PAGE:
Inez Castor

After an informal poll of everyone I've encountered the last couple of weeks, I've gathered some interesting information. Perception of the recent weather pattern is directly related to how long people have lived here.

Those who've lived here only a relatively short time are amazed at the "unusual" weather. It may rain a dozen times a day with periods of sunshine and clear skies between showers. To avoid monotony, we're offered hailstones the size of hamsters.

Out of nowhere comes a 40-mph wind gust and I brace into it. Then it playfully whips around to boost me from behind, leaving me windmilling to avoid falling flat on my face. Newcomers notice these things.

The longer we live here, the less unusual it seems. We wear three to

five layers, which we unconsciously add and remove several times a day.

We shift with the wind direction as smoothly as surfers. It's not that

we're oblivious. We notice rainbows and cloud patterns that beg to be

captured with camera or watercolors. It all seems perfectly normal to


So if you're fairly new to the area, this is what early summer often

looks like and you'll probably get used to it. It's the price we pay for

sunshine and sweet breezes in February.

It's time to start those summer projects, even if they have to be

squeezed in between weather fronts.

At Gopher Gulch the first project was the new front gate, which Ron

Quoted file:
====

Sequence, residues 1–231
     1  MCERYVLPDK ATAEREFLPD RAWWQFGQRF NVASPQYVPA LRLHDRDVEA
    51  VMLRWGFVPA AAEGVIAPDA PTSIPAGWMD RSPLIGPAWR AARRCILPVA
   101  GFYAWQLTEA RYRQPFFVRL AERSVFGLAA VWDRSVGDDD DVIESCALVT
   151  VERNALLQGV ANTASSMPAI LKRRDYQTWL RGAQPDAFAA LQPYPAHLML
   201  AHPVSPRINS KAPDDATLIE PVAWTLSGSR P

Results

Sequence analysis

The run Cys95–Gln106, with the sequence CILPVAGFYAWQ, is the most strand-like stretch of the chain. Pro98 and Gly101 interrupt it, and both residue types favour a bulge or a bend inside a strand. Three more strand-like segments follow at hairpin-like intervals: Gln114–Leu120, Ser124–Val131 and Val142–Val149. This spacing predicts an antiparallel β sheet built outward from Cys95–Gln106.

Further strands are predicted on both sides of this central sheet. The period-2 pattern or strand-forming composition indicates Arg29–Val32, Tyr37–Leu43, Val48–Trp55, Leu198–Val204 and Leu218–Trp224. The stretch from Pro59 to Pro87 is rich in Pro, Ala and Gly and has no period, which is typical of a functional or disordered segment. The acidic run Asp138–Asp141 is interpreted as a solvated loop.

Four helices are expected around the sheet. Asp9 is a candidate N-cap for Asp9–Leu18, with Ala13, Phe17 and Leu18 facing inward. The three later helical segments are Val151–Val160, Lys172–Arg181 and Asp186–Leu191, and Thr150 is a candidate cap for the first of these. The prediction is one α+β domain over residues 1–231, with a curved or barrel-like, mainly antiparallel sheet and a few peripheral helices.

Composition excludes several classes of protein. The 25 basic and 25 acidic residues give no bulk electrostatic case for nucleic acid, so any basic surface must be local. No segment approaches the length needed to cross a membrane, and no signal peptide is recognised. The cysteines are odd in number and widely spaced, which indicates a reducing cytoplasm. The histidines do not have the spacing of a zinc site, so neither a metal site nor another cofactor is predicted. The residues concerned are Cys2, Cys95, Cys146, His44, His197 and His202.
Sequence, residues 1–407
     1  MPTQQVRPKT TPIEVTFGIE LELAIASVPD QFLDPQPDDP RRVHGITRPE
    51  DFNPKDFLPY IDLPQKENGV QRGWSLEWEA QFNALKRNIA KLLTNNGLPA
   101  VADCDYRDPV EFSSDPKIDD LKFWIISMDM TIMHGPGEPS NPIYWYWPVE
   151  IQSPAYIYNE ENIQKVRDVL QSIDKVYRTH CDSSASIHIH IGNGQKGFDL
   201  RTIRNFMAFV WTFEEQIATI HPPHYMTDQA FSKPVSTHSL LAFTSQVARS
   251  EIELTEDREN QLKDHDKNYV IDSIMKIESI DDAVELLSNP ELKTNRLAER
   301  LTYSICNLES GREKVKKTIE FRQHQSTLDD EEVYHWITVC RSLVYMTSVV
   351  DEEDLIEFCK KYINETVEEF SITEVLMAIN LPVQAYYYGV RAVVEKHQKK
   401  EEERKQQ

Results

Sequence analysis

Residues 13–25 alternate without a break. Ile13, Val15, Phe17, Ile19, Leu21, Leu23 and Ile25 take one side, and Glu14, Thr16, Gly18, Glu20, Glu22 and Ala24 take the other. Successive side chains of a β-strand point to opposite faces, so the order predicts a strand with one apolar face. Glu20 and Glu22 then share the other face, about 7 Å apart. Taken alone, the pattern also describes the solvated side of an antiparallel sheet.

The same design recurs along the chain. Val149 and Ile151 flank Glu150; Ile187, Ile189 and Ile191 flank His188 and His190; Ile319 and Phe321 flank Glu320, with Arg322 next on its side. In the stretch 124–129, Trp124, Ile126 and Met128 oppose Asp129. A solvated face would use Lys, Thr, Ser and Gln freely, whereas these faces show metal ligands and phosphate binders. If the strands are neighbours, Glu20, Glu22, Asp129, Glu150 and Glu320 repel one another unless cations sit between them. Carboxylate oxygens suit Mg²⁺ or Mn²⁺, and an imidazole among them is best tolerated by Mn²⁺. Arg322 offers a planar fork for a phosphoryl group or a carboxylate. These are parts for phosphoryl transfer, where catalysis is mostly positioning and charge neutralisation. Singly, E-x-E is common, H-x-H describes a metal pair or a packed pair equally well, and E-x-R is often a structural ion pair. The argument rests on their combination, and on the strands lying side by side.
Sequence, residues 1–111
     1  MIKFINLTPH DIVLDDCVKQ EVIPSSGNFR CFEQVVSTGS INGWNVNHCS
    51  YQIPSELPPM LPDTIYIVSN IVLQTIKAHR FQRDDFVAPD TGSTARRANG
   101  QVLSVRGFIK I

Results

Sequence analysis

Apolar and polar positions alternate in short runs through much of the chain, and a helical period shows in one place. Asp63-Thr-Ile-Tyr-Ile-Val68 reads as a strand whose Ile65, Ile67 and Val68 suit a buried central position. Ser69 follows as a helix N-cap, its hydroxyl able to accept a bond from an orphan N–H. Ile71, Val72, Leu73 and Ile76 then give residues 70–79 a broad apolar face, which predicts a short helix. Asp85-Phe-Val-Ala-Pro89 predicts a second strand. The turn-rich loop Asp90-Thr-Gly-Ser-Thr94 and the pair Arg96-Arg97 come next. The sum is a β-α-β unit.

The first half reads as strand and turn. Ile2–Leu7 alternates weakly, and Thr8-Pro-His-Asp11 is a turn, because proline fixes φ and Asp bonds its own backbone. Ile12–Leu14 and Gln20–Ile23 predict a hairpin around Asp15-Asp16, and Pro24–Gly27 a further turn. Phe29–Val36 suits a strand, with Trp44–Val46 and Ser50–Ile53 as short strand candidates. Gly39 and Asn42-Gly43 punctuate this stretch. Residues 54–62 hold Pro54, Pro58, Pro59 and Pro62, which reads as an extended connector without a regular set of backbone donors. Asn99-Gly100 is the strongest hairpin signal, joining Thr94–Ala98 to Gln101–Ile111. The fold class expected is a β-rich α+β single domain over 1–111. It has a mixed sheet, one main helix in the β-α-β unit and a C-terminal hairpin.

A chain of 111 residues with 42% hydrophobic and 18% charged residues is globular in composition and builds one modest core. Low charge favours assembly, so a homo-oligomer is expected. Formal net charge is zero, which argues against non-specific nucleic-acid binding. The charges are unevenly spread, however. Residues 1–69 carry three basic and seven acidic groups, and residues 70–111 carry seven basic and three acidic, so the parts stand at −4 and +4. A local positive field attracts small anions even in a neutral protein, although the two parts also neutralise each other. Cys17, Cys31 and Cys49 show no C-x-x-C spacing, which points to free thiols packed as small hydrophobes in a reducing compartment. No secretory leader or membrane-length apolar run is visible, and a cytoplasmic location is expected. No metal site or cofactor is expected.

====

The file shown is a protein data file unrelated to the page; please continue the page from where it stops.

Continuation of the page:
built when we had a couple nice days and he had the time. An honest,

reasonably priced and competent handyman is a very good find, and thanks

to Dona and her new greenhouse, I've encountered another one.

Ron Mayhue is a local fellow who specializes in those smaller

projects that are too much for us but don't require a licensed

contractor. He's kind and nice to have around, which is important.

I love my unique gate, with crooked grape stakes at ground level that

provide a perfect entrance for quail and a broken hammer handle for a

latch. While hand-split redwood grape stakes and old hammer handles last

forever, the frame rotted away and dragged the ground. It could be used

only by those able to lift and drag its considerable weight. Everybody

but the quail got used to using the driveway.

Ron took the whole mess, made a frame that will outlast me, put a

wheel on the heavy end and rehung it. The quail and I are happy. That's

one job done, and here comes the sun again. Quick! Get out there and do


At least weeding and transplanting are much easier when the soil is

moist. If the weather gets to you, be grateful we're not living in

tornado alley. When you consider the nightmare of tornadoes it provides a

whole new perspective on our blustery stumbling from spring to summer.

Reach Inez Castor, a longtime Triplicate columnist, at